from Issue #3: Poetry by Lindsay Tuggle

Photo (CC) Rachel Titiriga @ Flickr

Photo (CC) Rachel Titiriga @ Flickr

*

The Bone House 

In the thralldom of debt
there is said to be honour among thieves,

martyrs, hair-eaters and others
beset by archive fever.

An oracle of sleep preceded
the resurrectionist’s calling.

Against all agonies you push through
shades of bone assuming old faces.

An unrepentant guest
her arrival marked by bells

as in some cavern mourners
choke on mouths of light.

 

There is nothing more seductive
than a ghost

except perhaps the invitation
of an ambiguous wound.

She carried that letter
in her pocket for days,

‘always thought drowning
was such a pretty way to die’

(danger is when
the hand returns).

I don’t remember the rest
but it was given as

an anatomical treatise
on the laughter of

leaves against skin:
elegy for a floating world..

.

It was a relief to no longer be seen
……………………..as hollow.

Her fists curl into organs
as she fumbles through
…………………..the open door.

All the old grievances aglow
with the lucidity of dust.

Shame ruins your taste
for the delights of melancholia.

After the whip comes down
there’s only so much charm

a girl can stand..

.

She was just there
in the asphalt,

a biological gift
………………unmoored.

Behind the trailer
clothed in anaesthetic
………….hisses
an actress with no mouth.

The unblemished girl
in the plaid silk dress

seeks mutiny in
stolen cigarettes
and snowstorms.

.

In my dream
I saw us both unblamed

so, now
we can navigate blind
alleys without enlisting

the kindness of strangers.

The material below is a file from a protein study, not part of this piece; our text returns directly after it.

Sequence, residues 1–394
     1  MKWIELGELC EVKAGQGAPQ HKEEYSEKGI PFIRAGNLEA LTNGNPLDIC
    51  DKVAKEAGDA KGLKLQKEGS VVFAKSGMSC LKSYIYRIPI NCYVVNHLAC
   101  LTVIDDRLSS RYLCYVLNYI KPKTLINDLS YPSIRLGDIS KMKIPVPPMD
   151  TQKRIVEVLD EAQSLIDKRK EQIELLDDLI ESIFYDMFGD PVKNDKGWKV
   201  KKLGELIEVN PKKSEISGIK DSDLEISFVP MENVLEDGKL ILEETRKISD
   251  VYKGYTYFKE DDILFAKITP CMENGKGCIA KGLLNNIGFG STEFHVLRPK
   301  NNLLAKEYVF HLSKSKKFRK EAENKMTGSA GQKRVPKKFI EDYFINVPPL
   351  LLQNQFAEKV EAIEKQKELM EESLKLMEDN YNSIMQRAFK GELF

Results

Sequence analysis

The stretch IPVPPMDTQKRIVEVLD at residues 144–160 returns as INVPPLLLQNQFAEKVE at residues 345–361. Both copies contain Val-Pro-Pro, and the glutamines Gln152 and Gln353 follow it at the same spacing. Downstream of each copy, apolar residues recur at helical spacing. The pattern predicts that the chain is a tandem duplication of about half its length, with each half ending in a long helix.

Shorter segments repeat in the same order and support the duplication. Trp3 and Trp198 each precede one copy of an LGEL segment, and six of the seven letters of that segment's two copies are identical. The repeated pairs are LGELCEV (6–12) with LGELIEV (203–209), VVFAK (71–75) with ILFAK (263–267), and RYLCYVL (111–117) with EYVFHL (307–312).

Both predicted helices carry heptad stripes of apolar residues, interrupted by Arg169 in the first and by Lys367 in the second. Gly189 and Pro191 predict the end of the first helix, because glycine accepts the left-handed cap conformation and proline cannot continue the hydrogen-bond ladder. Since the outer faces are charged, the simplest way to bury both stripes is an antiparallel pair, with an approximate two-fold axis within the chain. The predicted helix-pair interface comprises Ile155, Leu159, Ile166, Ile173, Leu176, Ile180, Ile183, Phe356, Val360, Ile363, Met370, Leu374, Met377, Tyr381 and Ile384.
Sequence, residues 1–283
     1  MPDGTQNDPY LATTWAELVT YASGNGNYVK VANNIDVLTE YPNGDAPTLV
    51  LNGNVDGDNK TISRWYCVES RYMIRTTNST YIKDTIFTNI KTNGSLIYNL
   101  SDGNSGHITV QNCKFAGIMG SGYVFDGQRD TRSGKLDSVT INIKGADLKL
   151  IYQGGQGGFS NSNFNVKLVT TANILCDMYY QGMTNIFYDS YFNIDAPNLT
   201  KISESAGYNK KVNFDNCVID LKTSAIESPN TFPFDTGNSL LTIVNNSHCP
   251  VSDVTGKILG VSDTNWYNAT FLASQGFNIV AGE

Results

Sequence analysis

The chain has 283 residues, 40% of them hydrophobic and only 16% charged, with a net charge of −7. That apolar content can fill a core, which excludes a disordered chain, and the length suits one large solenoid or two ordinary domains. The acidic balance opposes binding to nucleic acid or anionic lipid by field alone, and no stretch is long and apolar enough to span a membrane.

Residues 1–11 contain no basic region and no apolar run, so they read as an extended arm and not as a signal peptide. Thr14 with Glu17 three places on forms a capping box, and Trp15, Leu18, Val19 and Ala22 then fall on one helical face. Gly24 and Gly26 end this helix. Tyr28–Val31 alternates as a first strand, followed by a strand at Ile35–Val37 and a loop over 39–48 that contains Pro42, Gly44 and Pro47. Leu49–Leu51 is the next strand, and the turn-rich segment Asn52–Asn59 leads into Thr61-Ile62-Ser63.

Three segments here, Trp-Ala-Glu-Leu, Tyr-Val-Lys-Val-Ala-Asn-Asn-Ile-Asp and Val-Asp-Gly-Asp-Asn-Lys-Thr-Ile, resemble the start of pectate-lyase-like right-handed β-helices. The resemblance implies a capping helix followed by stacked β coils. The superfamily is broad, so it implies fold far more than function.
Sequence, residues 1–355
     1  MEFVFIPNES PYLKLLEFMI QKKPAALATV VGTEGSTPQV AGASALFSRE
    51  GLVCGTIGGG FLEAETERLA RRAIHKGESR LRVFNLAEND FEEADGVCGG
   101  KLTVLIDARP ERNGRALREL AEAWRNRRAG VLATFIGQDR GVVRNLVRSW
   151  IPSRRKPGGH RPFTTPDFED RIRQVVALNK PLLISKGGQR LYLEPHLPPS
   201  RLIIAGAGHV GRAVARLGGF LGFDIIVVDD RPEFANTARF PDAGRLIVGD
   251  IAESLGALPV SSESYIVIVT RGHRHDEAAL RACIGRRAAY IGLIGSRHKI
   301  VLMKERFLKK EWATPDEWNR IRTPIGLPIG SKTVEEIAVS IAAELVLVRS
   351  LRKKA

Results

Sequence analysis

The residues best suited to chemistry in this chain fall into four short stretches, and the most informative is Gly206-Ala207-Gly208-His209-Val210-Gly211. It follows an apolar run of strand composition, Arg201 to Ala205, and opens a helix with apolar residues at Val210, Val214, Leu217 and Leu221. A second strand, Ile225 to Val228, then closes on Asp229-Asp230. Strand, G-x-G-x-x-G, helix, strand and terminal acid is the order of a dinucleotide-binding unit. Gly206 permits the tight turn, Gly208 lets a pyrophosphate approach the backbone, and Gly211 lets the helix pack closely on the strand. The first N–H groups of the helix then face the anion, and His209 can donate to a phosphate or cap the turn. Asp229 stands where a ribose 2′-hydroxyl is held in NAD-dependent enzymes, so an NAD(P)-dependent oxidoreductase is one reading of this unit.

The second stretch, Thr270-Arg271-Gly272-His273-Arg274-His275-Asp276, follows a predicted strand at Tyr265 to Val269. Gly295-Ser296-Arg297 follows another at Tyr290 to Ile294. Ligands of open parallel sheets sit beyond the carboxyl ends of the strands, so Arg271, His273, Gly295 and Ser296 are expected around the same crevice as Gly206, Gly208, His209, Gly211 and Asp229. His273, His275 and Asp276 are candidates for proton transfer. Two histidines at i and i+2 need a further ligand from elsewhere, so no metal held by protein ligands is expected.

*

*

*

The Heretics’ Asylum

Her god never condoned
the murder of horses.

After the killing spree
the local thaumaturge
traced upon her neck
a diagram of bones.

The absent face
regrew, leaving only
a pale scar to border
sleeping limbs.

She will never leave this place—

this appellation
in the eyes of the church,
a mid-stream persuasion toward

the beguiling mechanism
of belief, dressed up for
a core of materialists..

.

Accurate use of the electrical machine
was unusual in their circle.

The physician knows nothing
of angels with proper names.

Reverence is permitted only
toward unseen patients,

an innate distrust of that
which can be embodied
in a creed.

It would be useless
to attempt so minor a feat
as the removal of bones
from the throat.

A residuum of facts exist
surrounding fringe medicine:

the cure by faith as
a demand for marvels.

Her calculated regard
for uncritical adherents
results in a book of wonders,
based on antipathy..

.

My sister could have won this race
if she’d had enough breath.

Years later I utter her name as my own
against the echo of a blank stage.

Beneath this corpulent delirium
doctors see a potential corpse
to which a ghost is loosely attached.

To enter the incubation chamber
you must provoke
the knife, the drug, and the spell.

Sleep with the fourth book
beneath your pillow.

Safety is unkempt seclusion:
a wilderness of paralysis..

.

In the absence of habitual dreaming
she complains of the walls.

Falling is the only certainty.

The evangelist’s call is
a labour of recognition.

The origin of the delusion
was only her own hair.

After the manifestation of clouds
it is no longer a comfort to know
the source of that torment

there is no terror equal to
the particularity of a name.

***

ABOUT THE POET

Lindsay tuggle

Lindsay Tuggle grew up in the Southern United States, and migrated to Australia eleven years ago. She now divides her time between the two countries and is working on a book of elegies.  Lindsay’s poetry has been commissioned by the Red Room Company and published in literary journals such as HEAT, Mascara, and Contrappasso Issue #1.  Her poem “Anamnesis” was awarded second prize in the Val Vallis Award for Poetry.  In 2011, she undertook an Australian Academy of the Humanities Travelling Fellowship. In 2012, she was a John W. Kluge Fellow at the Library of Congress in Washington, D.C.

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